DRoF is the normal, prepresbyopic condition of the eye. The term includes the elements of the eye that provide a continuous range of focus instead of discreet near and far foci. DRoF involves neuromuscular and optical-based responses to stimuli. DRoF has optical, biomechanical, and neural components, which is why “visual perception” is quite unique from one individual to another.4 Age-related changes in the connective tissues, muscles, and even reflexivity to light stimuli all impact the eye’s ability and efficiency for DRoF function. These biomechanical dysfunctions also progress with age. Therefore, presbyopia results in a progressive loss of DRoF, a dysfunction that cannot be addressed with compensatory lenses or exchange of power at the cornea or lens to achieve near vision. These solutions only offer symptomatic relief, along with a compromise in other visual focal points.

Biomechanics and Ocular Rigidity Play an Important Role in Presbyopia Development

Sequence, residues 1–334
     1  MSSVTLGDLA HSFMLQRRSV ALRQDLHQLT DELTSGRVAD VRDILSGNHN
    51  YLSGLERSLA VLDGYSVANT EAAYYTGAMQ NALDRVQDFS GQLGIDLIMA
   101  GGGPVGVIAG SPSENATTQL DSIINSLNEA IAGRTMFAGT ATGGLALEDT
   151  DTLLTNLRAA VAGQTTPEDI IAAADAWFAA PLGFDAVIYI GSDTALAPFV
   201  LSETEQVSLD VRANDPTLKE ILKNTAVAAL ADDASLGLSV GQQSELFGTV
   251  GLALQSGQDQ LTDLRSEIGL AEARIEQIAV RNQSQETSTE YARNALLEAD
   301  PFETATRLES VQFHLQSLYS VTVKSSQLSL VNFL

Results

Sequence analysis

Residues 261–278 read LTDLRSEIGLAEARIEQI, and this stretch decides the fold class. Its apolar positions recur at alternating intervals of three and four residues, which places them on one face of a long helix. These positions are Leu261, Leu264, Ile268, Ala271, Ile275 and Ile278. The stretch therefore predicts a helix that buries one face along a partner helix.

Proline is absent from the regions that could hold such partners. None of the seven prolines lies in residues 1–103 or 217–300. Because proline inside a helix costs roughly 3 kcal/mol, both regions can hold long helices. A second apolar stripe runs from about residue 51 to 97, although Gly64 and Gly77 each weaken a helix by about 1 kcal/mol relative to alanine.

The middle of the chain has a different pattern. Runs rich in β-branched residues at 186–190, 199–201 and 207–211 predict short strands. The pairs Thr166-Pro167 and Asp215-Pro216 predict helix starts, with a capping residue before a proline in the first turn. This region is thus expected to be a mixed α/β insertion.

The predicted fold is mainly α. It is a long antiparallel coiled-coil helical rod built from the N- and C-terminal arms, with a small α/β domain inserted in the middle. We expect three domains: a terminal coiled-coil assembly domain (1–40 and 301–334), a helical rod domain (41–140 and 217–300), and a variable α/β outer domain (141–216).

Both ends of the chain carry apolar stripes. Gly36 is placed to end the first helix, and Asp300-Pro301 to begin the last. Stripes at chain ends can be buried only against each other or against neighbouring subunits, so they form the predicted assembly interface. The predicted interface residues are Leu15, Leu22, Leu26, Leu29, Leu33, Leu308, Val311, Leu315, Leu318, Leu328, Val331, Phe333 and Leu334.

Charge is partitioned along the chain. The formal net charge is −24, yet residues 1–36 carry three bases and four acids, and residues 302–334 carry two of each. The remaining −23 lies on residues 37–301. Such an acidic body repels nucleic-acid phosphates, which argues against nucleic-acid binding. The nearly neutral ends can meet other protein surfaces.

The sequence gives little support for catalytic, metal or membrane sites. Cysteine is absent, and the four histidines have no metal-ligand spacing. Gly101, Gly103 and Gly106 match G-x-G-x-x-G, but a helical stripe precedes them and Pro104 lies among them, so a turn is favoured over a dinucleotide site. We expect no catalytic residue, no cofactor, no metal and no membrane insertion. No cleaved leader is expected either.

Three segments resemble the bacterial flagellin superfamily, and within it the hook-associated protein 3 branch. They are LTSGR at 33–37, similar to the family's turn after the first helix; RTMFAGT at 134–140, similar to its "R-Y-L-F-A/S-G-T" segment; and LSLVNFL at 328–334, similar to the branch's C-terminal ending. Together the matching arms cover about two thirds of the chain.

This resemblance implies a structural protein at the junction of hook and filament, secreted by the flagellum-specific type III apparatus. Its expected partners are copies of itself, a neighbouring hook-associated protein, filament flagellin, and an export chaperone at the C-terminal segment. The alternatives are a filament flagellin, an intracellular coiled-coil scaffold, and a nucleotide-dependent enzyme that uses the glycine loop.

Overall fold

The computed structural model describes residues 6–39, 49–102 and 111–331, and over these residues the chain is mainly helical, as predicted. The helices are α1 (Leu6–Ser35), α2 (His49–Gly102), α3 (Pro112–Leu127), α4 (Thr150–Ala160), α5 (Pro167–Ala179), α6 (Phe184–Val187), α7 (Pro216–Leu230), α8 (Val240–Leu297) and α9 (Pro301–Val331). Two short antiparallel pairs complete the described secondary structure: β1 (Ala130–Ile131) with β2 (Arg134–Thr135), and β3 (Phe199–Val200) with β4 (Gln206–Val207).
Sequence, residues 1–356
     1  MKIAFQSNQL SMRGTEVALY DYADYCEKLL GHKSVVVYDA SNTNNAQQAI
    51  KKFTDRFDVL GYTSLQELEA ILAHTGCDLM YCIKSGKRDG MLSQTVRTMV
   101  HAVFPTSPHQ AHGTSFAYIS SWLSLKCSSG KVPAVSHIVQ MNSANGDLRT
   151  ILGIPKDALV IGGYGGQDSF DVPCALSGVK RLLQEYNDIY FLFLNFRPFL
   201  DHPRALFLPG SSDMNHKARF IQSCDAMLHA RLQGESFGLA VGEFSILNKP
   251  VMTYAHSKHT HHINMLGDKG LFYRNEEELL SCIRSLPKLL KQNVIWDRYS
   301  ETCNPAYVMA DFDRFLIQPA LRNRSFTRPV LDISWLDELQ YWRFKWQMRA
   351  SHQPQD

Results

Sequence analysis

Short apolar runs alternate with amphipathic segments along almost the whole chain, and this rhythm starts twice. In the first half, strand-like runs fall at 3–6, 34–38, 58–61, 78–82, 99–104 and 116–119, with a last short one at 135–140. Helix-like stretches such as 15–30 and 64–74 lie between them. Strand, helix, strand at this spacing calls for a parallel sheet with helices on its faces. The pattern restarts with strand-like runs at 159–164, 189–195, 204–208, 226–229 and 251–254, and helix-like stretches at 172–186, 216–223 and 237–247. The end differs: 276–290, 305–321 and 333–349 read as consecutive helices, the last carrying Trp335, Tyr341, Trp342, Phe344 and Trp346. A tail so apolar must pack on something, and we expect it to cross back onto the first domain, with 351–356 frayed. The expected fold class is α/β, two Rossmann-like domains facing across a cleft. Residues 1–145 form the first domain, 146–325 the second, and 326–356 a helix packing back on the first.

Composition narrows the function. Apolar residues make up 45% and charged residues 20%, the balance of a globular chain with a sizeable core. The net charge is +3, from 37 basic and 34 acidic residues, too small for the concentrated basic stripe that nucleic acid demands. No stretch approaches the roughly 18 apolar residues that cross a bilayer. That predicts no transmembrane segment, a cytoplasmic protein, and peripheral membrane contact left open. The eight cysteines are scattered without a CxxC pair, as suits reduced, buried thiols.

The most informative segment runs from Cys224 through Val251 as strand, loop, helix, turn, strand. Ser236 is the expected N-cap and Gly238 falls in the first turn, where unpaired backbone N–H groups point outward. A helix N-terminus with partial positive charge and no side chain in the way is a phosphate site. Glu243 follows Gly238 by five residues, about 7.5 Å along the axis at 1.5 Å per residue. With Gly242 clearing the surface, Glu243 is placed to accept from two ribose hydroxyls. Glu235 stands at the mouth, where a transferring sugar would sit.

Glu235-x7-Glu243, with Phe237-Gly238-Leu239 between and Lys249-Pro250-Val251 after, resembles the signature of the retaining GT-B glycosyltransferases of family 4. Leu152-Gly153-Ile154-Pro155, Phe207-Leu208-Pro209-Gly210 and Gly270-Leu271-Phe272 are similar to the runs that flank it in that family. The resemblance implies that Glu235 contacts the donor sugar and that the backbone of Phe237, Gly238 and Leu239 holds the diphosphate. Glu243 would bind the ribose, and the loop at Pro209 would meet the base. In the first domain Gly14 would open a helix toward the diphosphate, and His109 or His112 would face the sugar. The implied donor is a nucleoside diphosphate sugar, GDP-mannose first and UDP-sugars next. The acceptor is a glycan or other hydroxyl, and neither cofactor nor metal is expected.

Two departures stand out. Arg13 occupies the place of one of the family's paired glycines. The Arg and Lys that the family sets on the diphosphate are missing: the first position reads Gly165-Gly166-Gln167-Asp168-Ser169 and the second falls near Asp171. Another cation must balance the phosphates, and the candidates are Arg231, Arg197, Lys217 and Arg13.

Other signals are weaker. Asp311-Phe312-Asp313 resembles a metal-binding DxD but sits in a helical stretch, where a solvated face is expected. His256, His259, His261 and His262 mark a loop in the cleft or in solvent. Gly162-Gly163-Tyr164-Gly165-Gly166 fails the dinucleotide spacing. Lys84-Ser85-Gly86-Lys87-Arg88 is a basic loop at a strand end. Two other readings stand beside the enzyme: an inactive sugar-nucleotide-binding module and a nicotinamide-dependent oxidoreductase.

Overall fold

Although the cause of presbyopia is not fully understood, age-related changes to ocular connective tissue biomechanics play a major role.5,6 Traditional teaching is that presbyopia is due to stiffening of the lens and lens capsule7: as the lens and lens capsule become stiffer with age, the ciliary muscle is unable to produce sufficient resultant forces to overcome this added resistance to move and shape the lens into an accommodated position to achieve DRoF for near vision tasks. However, more recent studies demonstrate the importance of extralenticular tissues to DRoF and how they may contribute to presbyopia.5,6